Not in Their Bordentown

An updated version of the original post: please see italics below.
They picketed the funerals of those felled in Tucson, and now they are coming to New Jersey. But people are banding together to protest the protestors, the extremists from Kansas.
U.S. Army Spc Benjamin Moore, a Bordentown native, was killed in Afghanistan, and his funeral is this Saturday atTrinity United Methodist Church. The mayor of Bordentown has issued a proclamation honoring the fallen soldier. At least 150 people including VFW members, the soldier’s fellow firefighters, a group called Compassionate Friends, and retirees from the New Jersey State Police plan a counter demonstration. Like the citizens of Tucson, they have an action plan. They will offer a human fence to protect friends and family, and a group called Angels will dress up in outfits with large wings to hide the protesters. (Above, a picture of an Angel group in Tucson).
Reverend Tom Miller, the pastor at Trinity, says everyone who wants to be supportive is welcome. There are parking concerns, so a lot has been set up on Route 130 south at a former Acme Market, where there will be shuttles to take people into town. As of Wednesday evening, according to the Facebook page of “Angels for Ben,” supporters are invited to meet at this parking lot on Saturday, January 22, at 6 a.m. to be shuttled into town by 7:30 a.m. The viewing begins at 9 a.m. at the church. In contrast to the expected behavior of the Westboro contingent, the counter demonstration is to be peaceful and nonconfrontational.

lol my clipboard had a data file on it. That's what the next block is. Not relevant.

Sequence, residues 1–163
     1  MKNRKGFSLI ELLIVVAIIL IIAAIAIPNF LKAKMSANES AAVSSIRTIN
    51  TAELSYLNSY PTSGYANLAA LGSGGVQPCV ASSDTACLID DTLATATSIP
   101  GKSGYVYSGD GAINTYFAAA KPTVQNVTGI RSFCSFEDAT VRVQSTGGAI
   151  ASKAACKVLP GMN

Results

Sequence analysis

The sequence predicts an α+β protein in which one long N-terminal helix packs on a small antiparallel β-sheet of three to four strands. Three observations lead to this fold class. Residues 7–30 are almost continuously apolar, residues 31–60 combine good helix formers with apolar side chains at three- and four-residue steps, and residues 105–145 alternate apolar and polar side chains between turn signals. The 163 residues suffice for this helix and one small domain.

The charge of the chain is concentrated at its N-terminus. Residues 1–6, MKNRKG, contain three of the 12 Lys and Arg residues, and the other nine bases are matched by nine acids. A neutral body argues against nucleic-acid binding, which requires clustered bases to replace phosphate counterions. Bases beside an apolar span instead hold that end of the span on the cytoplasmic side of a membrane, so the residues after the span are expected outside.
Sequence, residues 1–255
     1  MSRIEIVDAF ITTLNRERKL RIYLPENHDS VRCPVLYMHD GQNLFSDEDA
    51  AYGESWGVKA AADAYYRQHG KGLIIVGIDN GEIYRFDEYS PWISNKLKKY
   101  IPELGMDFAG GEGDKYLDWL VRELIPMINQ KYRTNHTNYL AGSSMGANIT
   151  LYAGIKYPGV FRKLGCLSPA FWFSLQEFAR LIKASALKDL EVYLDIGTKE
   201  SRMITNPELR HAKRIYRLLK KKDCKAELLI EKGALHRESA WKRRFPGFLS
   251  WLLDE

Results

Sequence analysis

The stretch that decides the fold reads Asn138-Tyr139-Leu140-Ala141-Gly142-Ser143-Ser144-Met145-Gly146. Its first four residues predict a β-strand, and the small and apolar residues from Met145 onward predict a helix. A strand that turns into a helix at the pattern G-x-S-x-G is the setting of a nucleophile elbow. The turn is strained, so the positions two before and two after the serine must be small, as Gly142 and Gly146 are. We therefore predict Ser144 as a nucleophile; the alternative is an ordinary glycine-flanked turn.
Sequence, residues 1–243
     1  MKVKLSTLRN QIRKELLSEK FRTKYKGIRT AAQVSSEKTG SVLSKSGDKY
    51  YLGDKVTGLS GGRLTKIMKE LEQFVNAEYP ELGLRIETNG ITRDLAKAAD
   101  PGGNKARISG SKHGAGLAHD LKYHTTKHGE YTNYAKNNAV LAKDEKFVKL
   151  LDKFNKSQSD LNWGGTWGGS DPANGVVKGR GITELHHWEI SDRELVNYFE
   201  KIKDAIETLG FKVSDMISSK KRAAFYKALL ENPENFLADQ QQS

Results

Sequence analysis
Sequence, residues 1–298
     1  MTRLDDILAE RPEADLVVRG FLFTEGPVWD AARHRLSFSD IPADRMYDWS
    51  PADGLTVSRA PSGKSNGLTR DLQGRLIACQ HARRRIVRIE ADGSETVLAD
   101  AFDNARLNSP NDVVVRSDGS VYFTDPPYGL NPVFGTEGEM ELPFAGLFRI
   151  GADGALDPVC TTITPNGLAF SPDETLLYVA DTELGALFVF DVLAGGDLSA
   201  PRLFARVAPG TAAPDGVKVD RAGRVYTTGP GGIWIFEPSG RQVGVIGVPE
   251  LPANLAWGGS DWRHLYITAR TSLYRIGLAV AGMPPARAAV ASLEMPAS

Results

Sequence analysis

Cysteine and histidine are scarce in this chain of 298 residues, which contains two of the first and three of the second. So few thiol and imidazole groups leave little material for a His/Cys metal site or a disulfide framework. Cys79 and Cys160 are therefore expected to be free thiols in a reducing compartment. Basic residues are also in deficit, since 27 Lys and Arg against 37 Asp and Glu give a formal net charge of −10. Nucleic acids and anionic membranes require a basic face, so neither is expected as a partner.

Says Bordentown: Not in our town, will we allow hate to prevail.
Note: I updated this post to take out the name of the organization that calls itself a church, so as to diminish the publicity it craves. It is not affiliated with any denomination and Christians universally reject its beliefs.

Appropriately, the Times of Trenton ran one article about the soldier without mentioning the controversy. The family will be able to clip it for a hate-free entry in their scrapbook. However I object to the way the Times ran the headline with ‘hero’ in quotes, as if some people called him a hero but the editors couldn’t go out on a limb and say it was, indeed, true. This soldier had a chest full of medals. I believe it would have been safe and editorially correct to deem him a hero without quotes.

Bordentown has rallied, and is hoping that perhaps the Kansas people won’t show up after all. (Note as of Saturday afternoon: They did NOT show up.)

To follow what’s happening in real time, log onto and search on #BenMoore. The Trentonian also offers live coverage on its website.

Last week the pastor of my church, Princeton United Methodist, Jana Purkis-Brash, preached about the social justice views of Methodists and how — in all ways — Methodists reject the teachings of the Kansas-based supposed church. Her message is on the website.

Recalling the time when the Kansas-based group picked churches on Nassau Street — including ours — some 10 years ago, PUMC-er Mary Lib wrote to me about how the late Carl Fuchs, a longtime and beloved PUMC member, responded. “It was warm weather, and the choir was outside preparing to enter the church for the processional. From the demonstrators: ‘FAGGOTS ARE GOING TO HELL!’ Reply from brother Carl: ‘NO, YOU’RE GOING TO HELL. WE’RE OVER HERE AT CHURCH!’ ”

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